Have you had to plug into any other city systems at different steps of the process and if so, how have you navigated that work?
The answer is absolutely yes. When I see savings systems, I think from a technology perspective but they're also city processes, but let's set those aside for a second, just talking about city systems. So most of you had made a prior decision to invest in Salesforce and there's some benefits to that. You know, like most things, Salesforce has some, some pros and cons, but there's a robust sort of permissions and security architecture that we like and we thought, okay, great. So Salesforce is the place where all the data is stored. The web app that Roshen walked through for you really only holds information sort of account log in and some basic things like that, but it's API, application program interface. It's basically sort of talking back and forth to Salesforce, to store data or get data as required to get through an application or whatever process is involved. There had to be some modification of the design to make sure that it worked with Salesforce.
We have some housing lottery preferences which basically give you a leg up. It sort of gives you a boost if you have that. And one of them is called the “live in the neighborhood preference.” And so DAHLIA does a really cool thing where first of all, it says, okay, you just typed in your address, let me go out to this other non-city service and say, can you tell me what's the right way to say this address? And it comes back to the applicant saying, did you mean “123 Market Street,” as opposed to maybe they typed in “123_Market Street.” Then it takes that information and it runs it through a DT, department of technology, server that says, wait a minute, can you tell me, does this address that this applicant put in, does it fit within, what's called a polygon, basically a map. Does that fit within the map of addresses that would be allowed this special live neighborhood preference? And it does all that fairly instantly and comes back and says, if things are good, hey, congrats, you qualify for the live in neighborhood preference. So you're right. There are definitely places in which we had to intersect with other bits of technology and make sure that everything fit.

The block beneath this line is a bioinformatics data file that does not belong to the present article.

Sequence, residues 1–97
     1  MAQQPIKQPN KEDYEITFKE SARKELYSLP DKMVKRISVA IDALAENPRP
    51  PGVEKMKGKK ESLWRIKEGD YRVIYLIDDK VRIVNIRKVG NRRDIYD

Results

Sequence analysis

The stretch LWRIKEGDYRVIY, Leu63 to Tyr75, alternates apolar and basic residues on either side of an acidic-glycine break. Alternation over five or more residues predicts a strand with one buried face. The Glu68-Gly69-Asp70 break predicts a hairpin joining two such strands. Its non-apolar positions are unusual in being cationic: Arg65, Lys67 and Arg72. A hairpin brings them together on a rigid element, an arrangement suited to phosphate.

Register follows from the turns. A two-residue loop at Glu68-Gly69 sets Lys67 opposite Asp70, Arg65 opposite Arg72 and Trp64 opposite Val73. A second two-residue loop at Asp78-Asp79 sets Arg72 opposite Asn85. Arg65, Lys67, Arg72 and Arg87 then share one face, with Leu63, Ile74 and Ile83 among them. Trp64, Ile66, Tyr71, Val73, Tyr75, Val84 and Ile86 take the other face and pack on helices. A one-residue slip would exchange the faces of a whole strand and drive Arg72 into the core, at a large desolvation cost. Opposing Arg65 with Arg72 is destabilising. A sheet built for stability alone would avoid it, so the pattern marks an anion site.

A final comment again, on that process that I set to the side, there are sort of official processes that we either needed to follow, or we needed to respectfully request that we make some modifications to. So yes, there's a, there's a process involved in all of this, but hopefully again, we pair this back to just sort of what are the minimum requirements so that we can get something started here and we'll build on it from there. Roshen or Wendy, would you want to add anything to that?
We built the web app, which is basically the website that I showed in a really flexible technology that allowed us to interact with Salesforce and the other tools that Barry mentioned. Again, the housing listings, the information about the actual listing, as well as the applications people would submit. All of that was sent back to Salesforce and stored in Salesforce or pulled from Salesforce. We didn't store any data or information on the website.